What happened here is exactly was certain media outlets either intend or their narratives become an unintended consequence. That is to create division of fellow human beings despite the fact we have far more in common than differences.

Reflecting on this season of my life it dawned on me after a decade of mental exhaustion, I was behaving no different to what my faith demands. The first few lessons every Muslim child is taught in madrassas across the globe are the Prophetic traditions of mercy and peace. The first being: “The Merciful One (God) will have mercy on those who show mercy to others, have mercy on what is on this Earth and the One in the heavens will have mercy upon you”. The second, which was the first sermon Muhammad delivered when he arrived in his new city of abode, al-Medina, after being forced out of Mecca: “Spread peace, feed the hungry, keep up with kinship bonds, stand in prayer in the depths of the night when others are asleep – you will enter paradise with peace”. This was and is my blueprint.

And so, I switched off from the media. I still do not own a television nor a smart phone. I fleetingly check the news and choose carefully which media outlets, commentators, and trend setters I lend my eyes and ears to. Within no time my conscious calibrated. It was no longer a battle anymore. I need not figure out what someone else is thinking about me based on their facial expressions or body language. I began to start seeing people with the eyes of innocence and quickly realised that the overwhelmingly vast majority of humans are intelligent beings with a soul that also has intelligence and insight.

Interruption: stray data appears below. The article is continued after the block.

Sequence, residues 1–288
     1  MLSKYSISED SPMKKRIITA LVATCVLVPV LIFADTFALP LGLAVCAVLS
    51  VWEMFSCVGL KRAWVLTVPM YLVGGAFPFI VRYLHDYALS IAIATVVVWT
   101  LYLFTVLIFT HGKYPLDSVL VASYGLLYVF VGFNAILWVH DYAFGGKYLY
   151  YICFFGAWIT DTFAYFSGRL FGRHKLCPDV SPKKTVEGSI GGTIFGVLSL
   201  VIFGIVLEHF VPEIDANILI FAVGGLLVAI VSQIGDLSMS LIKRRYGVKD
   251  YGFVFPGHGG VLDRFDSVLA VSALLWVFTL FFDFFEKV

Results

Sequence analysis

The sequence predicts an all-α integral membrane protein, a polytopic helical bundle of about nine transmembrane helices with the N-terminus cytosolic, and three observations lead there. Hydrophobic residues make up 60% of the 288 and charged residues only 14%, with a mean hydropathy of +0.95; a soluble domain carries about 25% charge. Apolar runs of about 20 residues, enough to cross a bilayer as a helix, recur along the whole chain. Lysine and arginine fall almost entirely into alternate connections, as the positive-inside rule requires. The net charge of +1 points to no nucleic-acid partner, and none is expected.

Why am I mentioning this to you my dear brothers and sisters of the fraternity of General Practice?

Do not validate yourself by external coordinates. Validate yourself from within.

Dr Goga

Just as I figured out, painfully, I was already striving to be true to my faith and no one can judge me, you must tell yourself that you are currently in your element as a GP, and no one can judge you.

For every one person who believes the current narrative that GPs are utilising a virtual platform to provide virtually no meaningful service you will find 100s if not 1000s in my estimation who do not buy this narrative. Their real-life experience with you annihilates the tripe.

Take a step back and view the past 18 months with a sense of birds-eye view. Being able to continually deliver primary care – pretty slickly in my humble opinion – in the current climate of PPE that is similar to what we wear with our 3-year-old whilst we paint pictures; is nothing short of incredible. Fact: The vast majority of patients prefer the new norm of working, have much easier access to their GP & allied medical staff in general practice, less waiting times in terms of being seen and responded compared to any other recorded period of health care. We have never provided so many appointments with such limited resources in the history of general practice than currently. GP practices in England delivered over 31.1m appointments in total in June 2021 according to the figures from NHS Digital – including 4.2m as part of the COVID-19 vaccination programme. That is a 30% increase to the previous year.

Oh, did I mention the monumental smash of delivering covid vaccines or annual flu in our spare time?